I would greatly prefer a balanced schedule with no interleague play. It would add more drama and intrigue to the World Series because there’s no chance the two pennant winners will have played during the regular season — the Yankees dropped two of three to the Phillies during the 2009 regular season — and also the balanced schedule would make things much more fair. Could you imagine the Yankees if they had, say, the Nationals’ schedule? The Nats are going to play 57 games, more than one-third of their schedule, against the crummy Braves, Phillies, and Marlins. A balanced schedule would make things more fair for everyone, especially since the postseason seeding is determined by regular season record. Interleague play is never going away because it’s too popular among casual fans and there’s too much money to be made, and the unbalanced schedule is more about travel than anything. I don’t see these things going away anytime soon.

Jim asks: I was a little surprised the Yankees held back former top international signee Dermis Garcia based on the power he showed last year (13 Hrs in 194 ABs) for extended spring training. Seems like move was based on his contact issues the first few years stateside. Might it be to rebuilt or tweak his swing to produce better contact? The Yankee minor league philosophy has been leave them alone initially before making changes.

On a scale of 1-10, I’m about a three with my level of surprise for Garcia being held back in Extended Spring Training. I thought he would start the season with Low-A Charleston, but holding back a 19-year-old kid who had a 34.3% strikeout rate in rookie ball last year is not stunning, regardless of his power output. The Yankees felt Dermis required more seasoning and instruction than full season ball allows, so they kept him in ExST. Not a huge deal or terribly surprising, as far as I’m concerned.

John asks: Do the Yankees have a better bullpen now than in 2016? Do you agree? Disagree? Why? Obviously without Andrew Miller who is arguably the best reliever in all of baseball it’s a tough argument to make, but on some level it does make sense due to the depth.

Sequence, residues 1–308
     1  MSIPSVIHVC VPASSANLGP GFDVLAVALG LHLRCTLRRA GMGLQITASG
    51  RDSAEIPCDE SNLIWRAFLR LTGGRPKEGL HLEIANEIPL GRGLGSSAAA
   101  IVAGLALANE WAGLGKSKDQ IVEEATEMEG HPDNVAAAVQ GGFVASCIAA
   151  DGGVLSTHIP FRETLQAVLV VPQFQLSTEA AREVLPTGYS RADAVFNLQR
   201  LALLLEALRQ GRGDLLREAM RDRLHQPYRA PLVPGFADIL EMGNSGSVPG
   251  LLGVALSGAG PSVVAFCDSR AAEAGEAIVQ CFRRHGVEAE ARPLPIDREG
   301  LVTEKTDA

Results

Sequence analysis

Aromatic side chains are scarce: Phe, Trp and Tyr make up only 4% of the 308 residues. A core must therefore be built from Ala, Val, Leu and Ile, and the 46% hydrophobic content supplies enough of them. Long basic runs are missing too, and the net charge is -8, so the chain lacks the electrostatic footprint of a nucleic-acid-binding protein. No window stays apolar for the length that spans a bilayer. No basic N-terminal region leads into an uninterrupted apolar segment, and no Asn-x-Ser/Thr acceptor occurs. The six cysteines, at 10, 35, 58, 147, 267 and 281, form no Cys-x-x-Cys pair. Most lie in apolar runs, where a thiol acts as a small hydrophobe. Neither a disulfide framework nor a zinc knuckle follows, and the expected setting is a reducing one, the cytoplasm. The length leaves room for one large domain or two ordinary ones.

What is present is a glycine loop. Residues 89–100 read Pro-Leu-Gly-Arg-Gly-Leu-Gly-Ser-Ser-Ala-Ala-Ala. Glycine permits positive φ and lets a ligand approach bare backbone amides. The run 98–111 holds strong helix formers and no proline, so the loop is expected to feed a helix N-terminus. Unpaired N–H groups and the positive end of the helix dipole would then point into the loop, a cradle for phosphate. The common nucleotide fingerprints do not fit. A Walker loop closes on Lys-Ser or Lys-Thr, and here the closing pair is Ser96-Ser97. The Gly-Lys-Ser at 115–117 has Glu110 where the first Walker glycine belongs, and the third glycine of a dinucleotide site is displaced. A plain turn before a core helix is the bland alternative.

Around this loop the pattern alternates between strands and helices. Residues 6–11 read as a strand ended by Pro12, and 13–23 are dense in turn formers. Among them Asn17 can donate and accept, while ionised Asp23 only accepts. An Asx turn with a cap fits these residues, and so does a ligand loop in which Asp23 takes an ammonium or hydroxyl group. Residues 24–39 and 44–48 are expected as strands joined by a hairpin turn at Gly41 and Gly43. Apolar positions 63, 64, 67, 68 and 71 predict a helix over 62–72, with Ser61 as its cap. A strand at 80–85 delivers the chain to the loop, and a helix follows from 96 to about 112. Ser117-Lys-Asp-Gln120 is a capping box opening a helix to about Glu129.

I do think the 2017 bullpen is better than the 2016 bullpen, at least when Aroldis Chapman is healthy. The Chapman-Dellin Betances-Andrew Miller trio is unmatched. Those guys were devastating for the short time they were together. Chapman-Betances-Tyler Clippard is a pretty great end-game trio too, but Clippard is not Miller, so this year’s late-game relievers aren’t as good as last year’s.

The key difference between the 2016 bullpen and the 2017 bullpen is depth. Adam Warren and Jonathan Holder, the fourth and fifth relievers in this year’s bullpen, are far better than the guys who held those roles last year. Do you remember who they were? It was Kirby Yates and Anthony Swarzak. Yeah. Really though, they were shuttle spots with others like Chasen Shreve, Nick Goody, and Richard Bleier. Either way, give me Warren and Holder over those guys any day of the week. No Miller stinks. He’s awesome. But the Yankees have a much deeper relief crew right now than they did a year ago.

Billy asks: MLBTR had a phenomenal in-depth look at the 1992 expansion draft. Using the same rules, who do you think would be the 15 protected players in the Yankees’ organization right now?

An expansion draft would be pretty fun to cover as a baseball writer dude. I’m jealous of all the NHL folks who get to analyze the expansion draft this summer. Anyway, here are the 1992 expansion draft rules:

  1. Teams could protect only 15 players in the entire organization for the first round.
  2. Players with no-trade clauses (either contractual or 10-and-5 rights) had to be protected.
  3. After the first and second rounds, AL teams could protect an additional four players.
  4. Players selected in the 1991 and 1992 drafts did not have to be protected.
  5. International free agents signed at 18 or younger from 1990-92 also didn’t have to be protected.

So let’s assume there will be an expansion draft after this season, meaning 2014-16 international free agents and 2015 and 2016 draftees do not have to be protected. Here is my protection list for the Yankees:

Teams can only lose one player per round, and I assume the Yankees would lose one of those pitchers in the first round. Probably Sheffield since he’s the best prospect of the bunch. It’s not often you can grab a top 100 caliber prospect in an expansion draft. Perhaps the expansion team would pop Hicks, though he doesn’t come with a ton of team control (free agent after 2019).